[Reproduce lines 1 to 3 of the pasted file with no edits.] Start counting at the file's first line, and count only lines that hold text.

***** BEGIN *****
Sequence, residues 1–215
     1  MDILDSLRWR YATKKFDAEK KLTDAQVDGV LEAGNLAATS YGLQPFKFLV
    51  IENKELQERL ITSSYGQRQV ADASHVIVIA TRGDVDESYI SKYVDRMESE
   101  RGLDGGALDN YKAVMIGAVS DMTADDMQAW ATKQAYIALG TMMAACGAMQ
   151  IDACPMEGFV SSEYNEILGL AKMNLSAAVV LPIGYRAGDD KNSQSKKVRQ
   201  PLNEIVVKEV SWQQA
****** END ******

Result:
Sequence, residues 1–215
     1  MDILDSLRWR YATKKFDAEK KLTDAQVDGV LEAGNLAATS YGLQPFKFLV
    51  IENKELQERL ITSSYGQRQV ADASHVIVIA TRGDVDESYI SKYVDRMESE